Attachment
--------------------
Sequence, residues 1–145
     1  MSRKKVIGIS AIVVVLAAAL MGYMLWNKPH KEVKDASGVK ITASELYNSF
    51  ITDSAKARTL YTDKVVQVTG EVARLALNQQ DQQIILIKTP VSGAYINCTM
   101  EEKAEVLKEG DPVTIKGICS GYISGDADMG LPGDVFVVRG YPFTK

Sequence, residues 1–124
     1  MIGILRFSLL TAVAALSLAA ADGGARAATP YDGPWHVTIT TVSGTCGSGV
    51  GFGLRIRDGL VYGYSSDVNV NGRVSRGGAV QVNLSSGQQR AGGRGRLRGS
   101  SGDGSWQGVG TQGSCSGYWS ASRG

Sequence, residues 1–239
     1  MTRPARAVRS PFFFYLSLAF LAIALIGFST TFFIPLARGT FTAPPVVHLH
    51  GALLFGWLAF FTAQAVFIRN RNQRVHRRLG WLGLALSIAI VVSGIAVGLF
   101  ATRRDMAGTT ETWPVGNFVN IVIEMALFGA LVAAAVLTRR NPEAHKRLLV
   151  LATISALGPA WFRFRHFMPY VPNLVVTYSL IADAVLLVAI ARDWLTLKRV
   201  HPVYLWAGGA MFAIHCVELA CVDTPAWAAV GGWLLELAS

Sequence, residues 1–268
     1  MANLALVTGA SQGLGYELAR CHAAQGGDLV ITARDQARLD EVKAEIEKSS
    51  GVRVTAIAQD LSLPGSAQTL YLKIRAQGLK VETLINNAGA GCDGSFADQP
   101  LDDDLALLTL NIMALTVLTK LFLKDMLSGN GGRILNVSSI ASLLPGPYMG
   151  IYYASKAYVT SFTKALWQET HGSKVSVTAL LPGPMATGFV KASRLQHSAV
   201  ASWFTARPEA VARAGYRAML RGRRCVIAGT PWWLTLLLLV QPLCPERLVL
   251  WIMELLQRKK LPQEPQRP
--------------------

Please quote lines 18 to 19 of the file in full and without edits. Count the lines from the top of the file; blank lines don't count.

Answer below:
   101  LDDDLALLTL NIMALTVLTK LFLKDMLSGN GGRILNVSSI ASLLPGPYMG
   151  IYYASKAYVT SFTKALWQET HGSKVSVTAL LPGPMATGFV KASRLQHSAV